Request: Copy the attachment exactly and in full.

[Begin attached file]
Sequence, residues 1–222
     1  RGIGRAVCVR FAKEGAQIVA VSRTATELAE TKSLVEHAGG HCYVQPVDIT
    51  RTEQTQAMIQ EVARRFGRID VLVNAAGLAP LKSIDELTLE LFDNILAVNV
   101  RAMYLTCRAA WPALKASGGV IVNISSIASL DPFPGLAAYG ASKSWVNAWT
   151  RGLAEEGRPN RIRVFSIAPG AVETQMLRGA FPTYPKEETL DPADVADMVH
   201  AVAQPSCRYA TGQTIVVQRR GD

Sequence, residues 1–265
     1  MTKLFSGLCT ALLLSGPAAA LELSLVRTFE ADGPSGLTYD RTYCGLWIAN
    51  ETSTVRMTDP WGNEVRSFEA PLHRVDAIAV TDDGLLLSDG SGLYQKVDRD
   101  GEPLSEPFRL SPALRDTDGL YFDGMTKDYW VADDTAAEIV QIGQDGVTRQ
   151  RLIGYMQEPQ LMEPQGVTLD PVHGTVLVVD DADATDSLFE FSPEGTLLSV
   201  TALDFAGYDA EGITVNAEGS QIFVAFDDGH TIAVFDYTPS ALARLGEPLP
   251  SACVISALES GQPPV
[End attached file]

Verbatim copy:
Sequence, residues 1–222
     1  RGIGRAVCVR FAKEGAQIVA VSRTATELAE TKSLVEHAGG HCYVQPVDIT
    51  RTEQTQAMIQ EVARRFGRID VLVNAAGLAP LKSIDELTLE LFDNILAVNV
   101  RAMYLTCRAA WPALKASGGV IVNISSIASL DPFPGLAAYG ASKSWVNAWT
   151  RGLAEEGRPN RIRVFSIAPG AVETQMLRGA FPTYPKEETL DPADVADMVH
   201  AVAQPSCRYA TGQTIVVQRR GD

Sequence, residues 1–265
     1  MTKLFSGLCT ALLLSGPAAA LELSLVRTFE ADGPSGLTYD RTYCGLWIAN
    51  ETSTVRMTDP WGNEVRSFEA PLHRVDAIAV TDDGLLLSDG SGLYQKVDRD
   101  GEPLSEPFRL SPALRDTDGL YFDGMTKDYW VADDTAAEIV QIGQDGVTRQ
   151  RLIGYMQEPQ LMEPQGVTLD PVHGTVLVVD DADATDSLFE FSPEGTLLSV
   201  TALDFAGYDA EGITVNAEGS QIFVAFDDGH TIAVFDYTPS ALARLGEPLP
   251  SACVISALES GQPPV